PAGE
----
In the US politicians love to quote Jesus, especially when they take His words and apply them to their cause or agenda.
Often those quotes are taken out of context and make it sound as though Jesus would support some modern social and moral issues when the entirety of Scripture shows that He would not. The best known and misused words yanked out of context are probably "Judge not".
Then when some Christian speaks up and says, "Hey! That's not all that He said!", or "You got that all wrong", the Christian is chided for being "unchristian". Happens all the time.
And then His instructions to His disciples about His kingdom are frequently and wrongly applied to man-made governments like ours. That results in the government attempting to do the things Jesus gave to the church to do. Then, as society accepts the government acting as a charitable organization the church and other charitable organizations are seen as unnecessary. Taxes (compulsory) are raised to provide for these services, which takes away from the citizens' ability to contribute willingly to the church.
So, Jesus is convenient when His words can be used to support governmental social action. But what about His words that don't support the cause? Today I'm thinking of this parable, from Matthew 20 about a business man, his workers and equal wages.
“For the Kingdom of Heaven is like the landowner who went out early one morning to hire workers for his vineyard.He agreed to pay the normal daily wage and sent them out to work.
“At nine o’clock in the morning he was passing through the marketplace and saw some people standing around doing nothing.So he hired them, telling them he would pay them whatever was right at the end of the day. So they went to work in the vineyard. At noon and again at three o’clock he did the same thing.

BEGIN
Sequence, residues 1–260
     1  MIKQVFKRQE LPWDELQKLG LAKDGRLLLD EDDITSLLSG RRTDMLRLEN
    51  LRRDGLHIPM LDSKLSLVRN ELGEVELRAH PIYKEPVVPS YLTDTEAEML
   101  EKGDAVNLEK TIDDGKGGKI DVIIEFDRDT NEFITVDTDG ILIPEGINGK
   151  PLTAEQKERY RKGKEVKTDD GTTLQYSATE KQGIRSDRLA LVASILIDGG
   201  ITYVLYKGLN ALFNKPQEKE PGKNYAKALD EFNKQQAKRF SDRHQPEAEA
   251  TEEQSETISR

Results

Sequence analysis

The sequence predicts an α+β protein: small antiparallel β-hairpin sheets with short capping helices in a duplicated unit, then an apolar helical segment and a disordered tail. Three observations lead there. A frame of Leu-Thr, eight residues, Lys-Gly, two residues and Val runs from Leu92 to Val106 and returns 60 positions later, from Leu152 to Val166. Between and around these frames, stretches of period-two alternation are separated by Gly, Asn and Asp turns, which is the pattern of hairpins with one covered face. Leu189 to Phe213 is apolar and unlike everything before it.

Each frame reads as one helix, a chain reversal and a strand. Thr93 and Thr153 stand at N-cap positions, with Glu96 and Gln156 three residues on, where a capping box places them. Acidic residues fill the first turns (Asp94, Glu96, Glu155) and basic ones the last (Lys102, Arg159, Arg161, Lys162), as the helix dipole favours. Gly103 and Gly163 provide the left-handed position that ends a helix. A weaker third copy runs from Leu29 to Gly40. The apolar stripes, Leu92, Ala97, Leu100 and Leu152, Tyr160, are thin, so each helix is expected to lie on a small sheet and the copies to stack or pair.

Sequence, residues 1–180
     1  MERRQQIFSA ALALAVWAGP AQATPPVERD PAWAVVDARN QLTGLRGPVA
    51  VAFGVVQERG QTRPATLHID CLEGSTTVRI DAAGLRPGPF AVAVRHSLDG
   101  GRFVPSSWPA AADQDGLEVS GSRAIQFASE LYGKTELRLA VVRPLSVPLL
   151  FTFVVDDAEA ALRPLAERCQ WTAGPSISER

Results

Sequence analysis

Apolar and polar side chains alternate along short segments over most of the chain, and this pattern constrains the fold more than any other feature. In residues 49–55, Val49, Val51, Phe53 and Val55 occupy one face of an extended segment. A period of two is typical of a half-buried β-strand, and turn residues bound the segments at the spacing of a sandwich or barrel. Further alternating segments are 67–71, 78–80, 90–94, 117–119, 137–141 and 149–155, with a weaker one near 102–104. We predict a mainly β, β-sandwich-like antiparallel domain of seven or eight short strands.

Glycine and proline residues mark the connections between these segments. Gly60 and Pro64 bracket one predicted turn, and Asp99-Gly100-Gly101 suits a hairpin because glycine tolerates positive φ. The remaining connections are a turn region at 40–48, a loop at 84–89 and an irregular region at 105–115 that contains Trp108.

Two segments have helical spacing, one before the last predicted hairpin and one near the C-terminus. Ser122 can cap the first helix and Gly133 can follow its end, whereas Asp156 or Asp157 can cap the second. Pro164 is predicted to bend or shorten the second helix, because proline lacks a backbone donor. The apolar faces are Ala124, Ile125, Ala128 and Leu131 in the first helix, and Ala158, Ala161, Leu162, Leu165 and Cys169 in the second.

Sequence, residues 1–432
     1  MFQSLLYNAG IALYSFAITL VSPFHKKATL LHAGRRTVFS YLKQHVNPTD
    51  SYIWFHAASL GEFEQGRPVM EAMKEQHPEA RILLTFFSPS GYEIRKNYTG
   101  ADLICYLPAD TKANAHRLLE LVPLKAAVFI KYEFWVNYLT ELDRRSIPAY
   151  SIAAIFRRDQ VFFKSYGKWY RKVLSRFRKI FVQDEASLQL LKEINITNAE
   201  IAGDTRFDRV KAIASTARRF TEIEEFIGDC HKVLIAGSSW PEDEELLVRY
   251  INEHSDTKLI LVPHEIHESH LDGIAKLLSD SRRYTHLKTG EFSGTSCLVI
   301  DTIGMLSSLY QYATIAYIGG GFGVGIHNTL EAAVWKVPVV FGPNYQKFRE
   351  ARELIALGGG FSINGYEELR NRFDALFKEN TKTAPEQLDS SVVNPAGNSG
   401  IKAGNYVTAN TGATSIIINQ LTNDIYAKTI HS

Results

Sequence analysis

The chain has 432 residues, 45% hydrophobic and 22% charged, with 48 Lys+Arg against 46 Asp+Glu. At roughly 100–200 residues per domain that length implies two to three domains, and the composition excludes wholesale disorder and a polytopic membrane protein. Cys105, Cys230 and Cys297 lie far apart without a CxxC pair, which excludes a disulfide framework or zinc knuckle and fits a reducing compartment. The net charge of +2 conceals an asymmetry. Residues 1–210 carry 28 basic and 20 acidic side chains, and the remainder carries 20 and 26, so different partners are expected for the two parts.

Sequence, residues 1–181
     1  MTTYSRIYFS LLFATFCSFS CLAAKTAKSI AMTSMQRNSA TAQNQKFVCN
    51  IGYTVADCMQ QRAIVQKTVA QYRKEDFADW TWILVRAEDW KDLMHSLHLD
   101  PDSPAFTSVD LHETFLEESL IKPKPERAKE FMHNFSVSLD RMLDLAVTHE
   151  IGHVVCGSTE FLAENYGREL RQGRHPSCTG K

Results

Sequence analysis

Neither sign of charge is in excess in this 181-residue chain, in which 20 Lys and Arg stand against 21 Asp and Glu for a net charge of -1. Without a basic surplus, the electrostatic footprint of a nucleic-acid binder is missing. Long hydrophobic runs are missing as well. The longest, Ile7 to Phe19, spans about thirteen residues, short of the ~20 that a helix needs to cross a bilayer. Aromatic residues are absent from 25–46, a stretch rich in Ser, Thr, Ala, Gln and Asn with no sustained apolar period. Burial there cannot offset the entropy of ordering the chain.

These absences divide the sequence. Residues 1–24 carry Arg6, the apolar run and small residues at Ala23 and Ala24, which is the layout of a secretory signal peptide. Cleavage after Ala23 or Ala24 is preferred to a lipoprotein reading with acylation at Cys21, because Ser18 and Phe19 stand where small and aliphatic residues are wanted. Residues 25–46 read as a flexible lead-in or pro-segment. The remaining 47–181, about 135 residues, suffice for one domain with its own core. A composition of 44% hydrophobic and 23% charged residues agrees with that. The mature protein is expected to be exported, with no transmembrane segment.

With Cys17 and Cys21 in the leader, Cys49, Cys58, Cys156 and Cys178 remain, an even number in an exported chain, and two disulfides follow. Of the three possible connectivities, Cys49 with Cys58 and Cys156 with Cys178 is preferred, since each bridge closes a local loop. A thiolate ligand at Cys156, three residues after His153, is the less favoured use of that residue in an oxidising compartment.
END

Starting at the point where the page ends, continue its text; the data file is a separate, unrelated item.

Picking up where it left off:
“At five o’clock that afternoon he was in town again and saw some more people standing around. He asked them, ‘Why haven’t you been working today?’ They replied, ‘Because no one hired us.’
“The landowner told them, ‘Then go out and join the others in my vineyard.’
“That evening he told the foreman to call the workers in and pay them, beginning with the last workers first. When those hired at five o’clock were paid, each received a full day’s wage. When those hired first came to get their pay, they assumed they would receive more. But they, too, were paid a day’s wage. When they received their pay, they protested to the owner, ‘Those people worked only one hour, and yet you’ve paid them just as much as you paid us who worked all day in the scorching heat.’
“He answered one of them, ‘Friend, I haven’t been unfair! Didn’t you agree to work all day for the usual wage? Take your money and go. I wanted to pay this last worker the same as you. Is it against the law for me to do what I want with my money? Should you be jealous because I am kind to others?’
“So those who are last now will be first then, and those who are first will be last.”
I'm not hearing that parable quoted in the news by either the pundits or the agencies of government.
I wonder what's wrong with it? (I know the answer.) It is against the law for the owner of the business to do what he wants with his money. Apparently.